Cultural Shift: The Media Suddenly Rediscovers Poverty

Citizen Wealth Ideas and Issues

New Orleans  I swear there’s a shift suddenly in the recognition that poverty is a big freaking problem.  Everywhere I turn in recent days commentators, columnists and reporters feel obligated to at least mention poverty and the poor either directly or euphemistically.    In a cultural shift from recent decades, folks feel they should at least pretend to be grossed out by ostentatious and disgusting displays of wealth and inequity.  Although there is no indication that this will do one scintilla of good for lower income families or citizen wealth in the short term, it speaks to at least a heartbeat of hope for the future perhaps.

The evidence is everywhere:

  • A Times tech columnist writing about how grand it is to live and work in California’s Silicon Valley starts out by detailing the intense economic pressure of living there and details the million dollar parties, fake snow drifts, and other excesses of wealth abounding in the area.
  • Another Times columnist, Gina Bellafante, in her “Big City” report the day before starts out her story on low wage workers who can’t make it in New York City’s economy by pointing out the paradoxes of rich kids of the 1% and their gold tinted bubbles.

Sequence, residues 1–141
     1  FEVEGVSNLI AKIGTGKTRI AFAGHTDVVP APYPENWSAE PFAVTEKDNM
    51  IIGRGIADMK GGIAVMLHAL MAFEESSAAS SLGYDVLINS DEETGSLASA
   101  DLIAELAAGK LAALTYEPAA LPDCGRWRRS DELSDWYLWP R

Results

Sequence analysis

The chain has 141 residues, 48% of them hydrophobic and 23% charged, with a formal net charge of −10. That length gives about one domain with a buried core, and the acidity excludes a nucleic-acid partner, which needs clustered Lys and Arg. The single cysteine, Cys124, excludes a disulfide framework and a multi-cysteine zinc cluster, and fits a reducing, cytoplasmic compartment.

• The AP garnered headlines with a tragic story that poverty will hit levels we have not seen since the 1960’s, more than 50 years ago before the Great Society and the War on Poverty because of the Great Recession.  Furthermore, all indications are that this level of poverty will be pronounced and enduring as low wage jobs proliferate, unions have become sclerotic, toothless, and ineffective, and corporations ascendant with the social safety net in tatters and any hope of mending it lost in the ideological polarization of politics.
  • Increasing realizations that the devastation of the economy is such that single-parent families have created a new dimension of the class divide essentially because you just can’t make it any more with only one income.
  • Stories proliferate on the enduring consequences of a “lost” generation between 18-35 in this economy that parallels the impacts and lasting effect of the Great Depression.  You don’t easily get over long term unemployment.  Similar stories are now abounding about the death sentences of older workers past 50 who can never dream of recovery, even if they were to win the lottery of fate and be able to find a job, any kind of job.

I could go on and on and on….

Don’t get me wrong.  The gilded grossness of Wall Street and Silicon Valley should go underground.  Recognizing and naming the persistence impact of low wages and the life sentences of the service economy is vitally important.

Unfortunately this ray of hope is far from a plan, and though we start by naming the evils of the economy and the victim filled crimes around us, there still seems to be no one talking about the ways and means of solving any of this or a real program that might gain traction to relieve the pain and once again build citizen wealth.